The spice also boasts psychic properties, and is used by the secretive sisterhood called The Bene Gesserit, which in undergoing “spice agony” is able to access the genetic memory of all previous, historic priestesses. The sisterhood hopes to genetically forge a “super” man called the “Kwisatz Haderach.” He will be able to gaze into the psychic realm where the women can’t; into the genetic memory of all men in history. He will be able to see and shape the future.
In terms of narrative, the novel and the film involve a Machiavellian initiative by Emperor Shaddam IV to undermine a popular force in the Landsraad, Duke Leto Atreides of Caladan. In secret, Shaddam plots with the Duke’s rival, the Harkonnens of Giedi Prime, to this end. He assigns the Atreides the administration of the inhospitable planet Arrakis, or Dune: the one place in the universe where the spice, melange can be harvested. Once the Duke and his people are ensconced there on that arid world, the Emperor lends his Sardaukar shock-troopers to the Baron Harkonnen, and there is a terrible sneak attack.
Only a few survive the Harkonnen assault, include Duke Leto’s son, Paul Atreides, and the Duke’s concubine, the Bene Gesserit, Jessica. They soon join with the strange desert people of Dune, the Fremen, and teach them a new way of fighting, “The Weirding Way.” Paul then leads a Fremen rebellion — under the name of “Muad’Dib” — and alters the destiny of the galaxy itself. Taking control of the spice, Paul — the “Kwisatz Haderach” sets Dune and humankind on a new path (one that will hopefully avoid extinction).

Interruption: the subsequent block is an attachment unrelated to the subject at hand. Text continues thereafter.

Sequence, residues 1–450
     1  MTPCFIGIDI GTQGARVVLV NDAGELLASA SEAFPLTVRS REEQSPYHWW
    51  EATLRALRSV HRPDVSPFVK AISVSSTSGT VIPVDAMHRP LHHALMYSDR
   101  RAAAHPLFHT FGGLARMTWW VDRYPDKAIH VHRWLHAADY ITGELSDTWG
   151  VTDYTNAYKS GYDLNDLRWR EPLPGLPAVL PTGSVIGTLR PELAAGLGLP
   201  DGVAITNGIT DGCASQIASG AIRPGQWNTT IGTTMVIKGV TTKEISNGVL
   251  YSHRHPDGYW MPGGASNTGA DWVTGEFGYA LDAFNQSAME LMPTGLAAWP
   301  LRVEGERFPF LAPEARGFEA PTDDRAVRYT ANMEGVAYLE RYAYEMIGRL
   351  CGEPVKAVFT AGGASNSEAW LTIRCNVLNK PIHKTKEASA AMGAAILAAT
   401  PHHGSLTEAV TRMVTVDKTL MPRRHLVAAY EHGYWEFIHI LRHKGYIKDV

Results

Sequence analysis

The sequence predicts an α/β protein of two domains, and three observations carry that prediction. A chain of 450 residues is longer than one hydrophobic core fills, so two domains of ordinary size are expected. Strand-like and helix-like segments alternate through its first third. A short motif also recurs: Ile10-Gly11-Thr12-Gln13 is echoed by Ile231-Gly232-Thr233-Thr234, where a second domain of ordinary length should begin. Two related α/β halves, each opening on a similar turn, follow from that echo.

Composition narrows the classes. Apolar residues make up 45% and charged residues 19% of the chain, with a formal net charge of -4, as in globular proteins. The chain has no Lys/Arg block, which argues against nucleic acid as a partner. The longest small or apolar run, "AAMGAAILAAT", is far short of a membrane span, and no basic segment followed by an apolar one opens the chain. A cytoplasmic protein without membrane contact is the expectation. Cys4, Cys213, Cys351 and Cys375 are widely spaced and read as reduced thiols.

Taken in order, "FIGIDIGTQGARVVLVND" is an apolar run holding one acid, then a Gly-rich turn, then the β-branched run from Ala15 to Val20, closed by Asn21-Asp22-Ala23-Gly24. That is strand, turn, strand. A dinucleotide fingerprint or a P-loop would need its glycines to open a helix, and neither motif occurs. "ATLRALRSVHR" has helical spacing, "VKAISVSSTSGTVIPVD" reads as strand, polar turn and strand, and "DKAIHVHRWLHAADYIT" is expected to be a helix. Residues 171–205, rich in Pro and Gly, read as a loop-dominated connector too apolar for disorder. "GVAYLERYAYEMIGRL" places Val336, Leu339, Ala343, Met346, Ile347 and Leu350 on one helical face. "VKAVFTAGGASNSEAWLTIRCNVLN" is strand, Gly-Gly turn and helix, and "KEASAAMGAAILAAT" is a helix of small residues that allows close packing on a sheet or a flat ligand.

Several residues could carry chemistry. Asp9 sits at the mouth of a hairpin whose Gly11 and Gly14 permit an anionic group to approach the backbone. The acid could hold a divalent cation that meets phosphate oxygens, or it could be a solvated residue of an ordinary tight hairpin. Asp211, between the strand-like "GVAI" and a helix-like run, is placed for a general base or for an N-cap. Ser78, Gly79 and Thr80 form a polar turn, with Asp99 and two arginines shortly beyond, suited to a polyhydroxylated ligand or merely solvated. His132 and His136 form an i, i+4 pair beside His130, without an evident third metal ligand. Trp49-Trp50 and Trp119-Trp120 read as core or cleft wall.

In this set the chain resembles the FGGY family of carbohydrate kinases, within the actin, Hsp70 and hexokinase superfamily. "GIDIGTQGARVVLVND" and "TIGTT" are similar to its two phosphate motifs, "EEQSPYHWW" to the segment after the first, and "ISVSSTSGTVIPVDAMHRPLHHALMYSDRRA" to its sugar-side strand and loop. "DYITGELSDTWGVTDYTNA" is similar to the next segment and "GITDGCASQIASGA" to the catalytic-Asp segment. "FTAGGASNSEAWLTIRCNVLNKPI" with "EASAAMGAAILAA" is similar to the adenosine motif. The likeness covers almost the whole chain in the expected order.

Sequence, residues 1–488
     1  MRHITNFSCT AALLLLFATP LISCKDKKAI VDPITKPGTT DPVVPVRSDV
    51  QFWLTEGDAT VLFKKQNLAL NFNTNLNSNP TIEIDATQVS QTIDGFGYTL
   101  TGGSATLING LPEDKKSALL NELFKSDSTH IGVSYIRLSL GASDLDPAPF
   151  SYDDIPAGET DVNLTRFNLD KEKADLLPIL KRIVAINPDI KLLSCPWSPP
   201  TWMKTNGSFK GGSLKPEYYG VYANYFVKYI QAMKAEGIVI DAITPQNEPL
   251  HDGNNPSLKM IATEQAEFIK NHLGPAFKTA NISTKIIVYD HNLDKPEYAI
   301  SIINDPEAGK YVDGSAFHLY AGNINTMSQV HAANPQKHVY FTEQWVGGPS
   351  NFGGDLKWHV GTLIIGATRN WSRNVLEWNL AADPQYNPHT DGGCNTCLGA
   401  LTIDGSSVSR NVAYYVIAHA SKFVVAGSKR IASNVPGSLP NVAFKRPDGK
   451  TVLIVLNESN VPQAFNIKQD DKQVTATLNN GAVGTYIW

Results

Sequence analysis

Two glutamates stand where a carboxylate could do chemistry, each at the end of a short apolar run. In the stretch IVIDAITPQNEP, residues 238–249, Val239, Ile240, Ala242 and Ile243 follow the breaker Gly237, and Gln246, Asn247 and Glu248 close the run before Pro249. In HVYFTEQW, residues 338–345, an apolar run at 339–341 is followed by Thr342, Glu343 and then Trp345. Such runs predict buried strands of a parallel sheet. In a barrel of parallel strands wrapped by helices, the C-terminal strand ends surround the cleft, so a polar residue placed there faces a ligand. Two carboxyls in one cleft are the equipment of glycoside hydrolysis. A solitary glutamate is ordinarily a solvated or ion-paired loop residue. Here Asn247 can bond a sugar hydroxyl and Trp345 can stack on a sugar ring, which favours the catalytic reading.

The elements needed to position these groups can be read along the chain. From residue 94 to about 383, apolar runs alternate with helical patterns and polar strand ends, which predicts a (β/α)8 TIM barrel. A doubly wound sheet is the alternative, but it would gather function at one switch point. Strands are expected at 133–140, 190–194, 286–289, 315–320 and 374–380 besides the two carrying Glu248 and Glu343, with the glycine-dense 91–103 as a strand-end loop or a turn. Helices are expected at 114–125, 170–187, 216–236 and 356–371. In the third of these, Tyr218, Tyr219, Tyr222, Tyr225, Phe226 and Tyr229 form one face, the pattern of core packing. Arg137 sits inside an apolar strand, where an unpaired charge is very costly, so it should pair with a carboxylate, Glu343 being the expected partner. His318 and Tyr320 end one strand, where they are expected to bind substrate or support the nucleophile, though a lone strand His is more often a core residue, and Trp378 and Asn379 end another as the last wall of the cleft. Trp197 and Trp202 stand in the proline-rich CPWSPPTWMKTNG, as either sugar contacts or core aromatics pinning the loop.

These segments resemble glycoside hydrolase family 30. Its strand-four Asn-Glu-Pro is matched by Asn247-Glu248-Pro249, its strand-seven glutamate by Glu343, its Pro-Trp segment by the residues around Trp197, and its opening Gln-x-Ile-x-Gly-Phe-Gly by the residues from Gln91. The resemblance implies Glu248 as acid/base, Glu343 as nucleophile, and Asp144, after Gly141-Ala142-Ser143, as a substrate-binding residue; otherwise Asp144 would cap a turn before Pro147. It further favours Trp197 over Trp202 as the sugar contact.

Obviously, there is more to the “plot” of this sweeping novel, but this is Dune’s story in broad strokes. In terms of historical importance, Herbert’s Dune is widely considered one of the first and most important “ecological” science fiction stories because it deals with the use, exploitation and preservation of natural resources (consider the spice something along the lines of oil). But also, in part, because Herbert’s work goes into detail about many life-forms on Arrakis, and reveals how they are all inter-connected in one unique eco-system.
In terms of politics, Dune serves overtly as a metaphor for the treatment of third world nations (particularly those in the Middle East) by the world’s resource-hungry Empires. Arrakis, a back-water planet, is exploited by the Landsraad for the spice that powers its economy. Yet the people of Dune, the Fremen, do not share the wealth of that resource. Young Paul Atreides, a representative of “Empire” in a way, goes nativ e in this story, and launches “jihad” against the power structure that he was born into. Atreides is much like the historical Lawrence of Arabia, T.E. Lawrence, actually
The movie version of Dune directed by David Lynch embodies all these concepts and story lines, but by necessity must abridge some subplots, minimize some character development, and truncate much of the action. That’s just the nature of any book-to-film adaptation.
Among the biggest changes from book to film: Paul brings a “sound module” technology to the Fremen, which is different from “The Weirding Way” of the novel.
Perhaps more substantively, the movie’s final sequence sees rain fall on the planet Dune for the first time in history (to herald, in essence, the arrival of the Kwisatz Haderach, Paul.) As I will discuss below, this is a change that, while unacceptable to fans of Herbert, works perfectly in Lynch’s universe.
In my Lynch Dossier post last week, I mentioned how many of the auteur’s films make an unconventional sense that I term “Dream Sense.”
This means that narratives themselves — and the logic inside those narratives — are comprehensible to the audience, but not in the strict, conscious, Euclidean sense of “reality” familiar to us from mainstream film plots or their story arcs.